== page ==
Sri Lanka’s debt crisis and political unrest cripple the country’s economy

Shoppers, retailers and street vendors in the Pettah district of Colombo, Sri Lanka. (Jonathan Wijayaratne/Bloomberg)

Sri Lanka’s economy has shrunk the most in two years amid a debt crisis that has sparked a default and widespread protests that have crippled the nation and led to the ousting of the president.

Gross domestic product fell 8.4% in the three months to June from a year ago, according to data released by the Statistics Department on Wednesday. It’s the slowest reading since the corresponding quarter of 2020 and compares with an estimate of a 10% contraction in a Bloomberg survey of economists. Sri Lanka’s economy contracted by 1.6% in the January-March quarter.

Industrial production contracted 10% while the agricultural sector fell 8.4%, the data showed.

Sri Lanka’s $81 billion economy collapsed after fuel supplies ran out due to the financial crisis, spurring inflation which accelerated to a new high of 64.3% in August and more than doubling the key rate this year, rising from 6% to 15.5% at the end of the year. 2021.

A central bank governor’s resignation in early April foreshadowed the island nation’s misery in the second quarter, where it faced more credit rating downgrades and a market rout as it declared default. of payment. In late June, citizens were advised to stay home for two weeks as the government restricted fuel consumption, stoking deeper discontent.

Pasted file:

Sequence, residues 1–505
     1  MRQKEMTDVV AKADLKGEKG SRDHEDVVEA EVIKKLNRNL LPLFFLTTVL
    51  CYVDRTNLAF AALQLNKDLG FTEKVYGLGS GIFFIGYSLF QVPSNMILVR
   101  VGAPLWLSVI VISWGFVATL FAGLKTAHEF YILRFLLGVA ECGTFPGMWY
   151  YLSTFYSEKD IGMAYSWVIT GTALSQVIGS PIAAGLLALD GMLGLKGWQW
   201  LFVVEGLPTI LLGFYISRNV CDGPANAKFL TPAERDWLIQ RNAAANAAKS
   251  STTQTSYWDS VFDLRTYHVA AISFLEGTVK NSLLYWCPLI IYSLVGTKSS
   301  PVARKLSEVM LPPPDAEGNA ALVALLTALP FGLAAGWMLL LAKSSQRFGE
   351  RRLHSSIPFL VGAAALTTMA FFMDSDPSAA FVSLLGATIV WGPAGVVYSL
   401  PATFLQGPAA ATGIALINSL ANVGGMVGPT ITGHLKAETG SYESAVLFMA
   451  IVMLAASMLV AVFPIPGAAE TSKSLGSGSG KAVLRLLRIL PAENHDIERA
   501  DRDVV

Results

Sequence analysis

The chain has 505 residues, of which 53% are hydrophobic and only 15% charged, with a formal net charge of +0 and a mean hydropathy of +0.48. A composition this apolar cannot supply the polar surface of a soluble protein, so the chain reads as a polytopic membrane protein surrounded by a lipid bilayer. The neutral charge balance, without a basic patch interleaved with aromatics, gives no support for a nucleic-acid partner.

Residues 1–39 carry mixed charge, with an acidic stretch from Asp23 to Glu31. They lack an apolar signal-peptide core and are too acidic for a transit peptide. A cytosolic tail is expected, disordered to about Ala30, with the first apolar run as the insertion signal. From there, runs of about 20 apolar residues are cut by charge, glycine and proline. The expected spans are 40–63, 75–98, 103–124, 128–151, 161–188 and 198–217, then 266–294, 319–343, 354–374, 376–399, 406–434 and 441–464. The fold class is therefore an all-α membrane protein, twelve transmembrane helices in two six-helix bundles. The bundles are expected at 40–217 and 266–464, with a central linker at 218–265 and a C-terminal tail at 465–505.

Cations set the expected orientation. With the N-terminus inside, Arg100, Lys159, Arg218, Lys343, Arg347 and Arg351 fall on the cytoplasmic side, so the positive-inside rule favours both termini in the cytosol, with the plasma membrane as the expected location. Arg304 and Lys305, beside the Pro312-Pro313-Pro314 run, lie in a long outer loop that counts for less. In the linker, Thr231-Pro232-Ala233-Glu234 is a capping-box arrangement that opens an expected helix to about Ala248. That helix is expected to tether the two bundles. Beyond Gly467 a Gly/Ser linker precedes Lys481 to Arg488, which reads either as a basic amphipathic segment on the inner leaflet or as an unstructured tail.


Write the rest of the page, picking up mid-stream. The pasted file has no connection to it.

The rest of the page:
The economic collapse, the most severe in its independent history, turned into political chaos which led to the formation of a new government. President Ranil Wickremesinghe, who was elected by parliament after his predecessor Gotabaya Rajapaksa fled the country, is now trying to push through economic and constitutional reforms to help reverse the trend.

“We see things getting worse before they get better,” said Dimantha Mathew, head of research at First Capital Holdings, adding that the impact of rising inflation, shortages and power outages will affect consumption.

Earlier this month, the authorities reached an agreement with the International Monetary Fund for a $2.9 billion loan that will be crucial to rebuild reserves, unlock more financing and begin a debt overhaul. Sri Lanka is also gearing up for talks with India, Japan and China, its biggest bilateral creditor, on restructuring nearly $13 billion in debt.

“Getting debt relief assurances from creditors – a prerequisite for aid – will likely take time,” according to Bloomberg Economics’ Ankur Shukla. “A delay in the release of funds means that domestic supply shortages will remain in place, at least in the short term, and will further hamper production.”

Sri Lanka needs about $5 billion for essential imports to weather the storm for six months, and nearly $1 billion to bolster its currency, Wickremesinghe said in June.

The national currency has plunged more than 40% this year and stocks have fallen nearly 20%, while the national 7.55% 2030 dollar bond is listed at around 30 cents on the dollar against nearly 50 cents at the beginning of the year.

Robert P. Matthews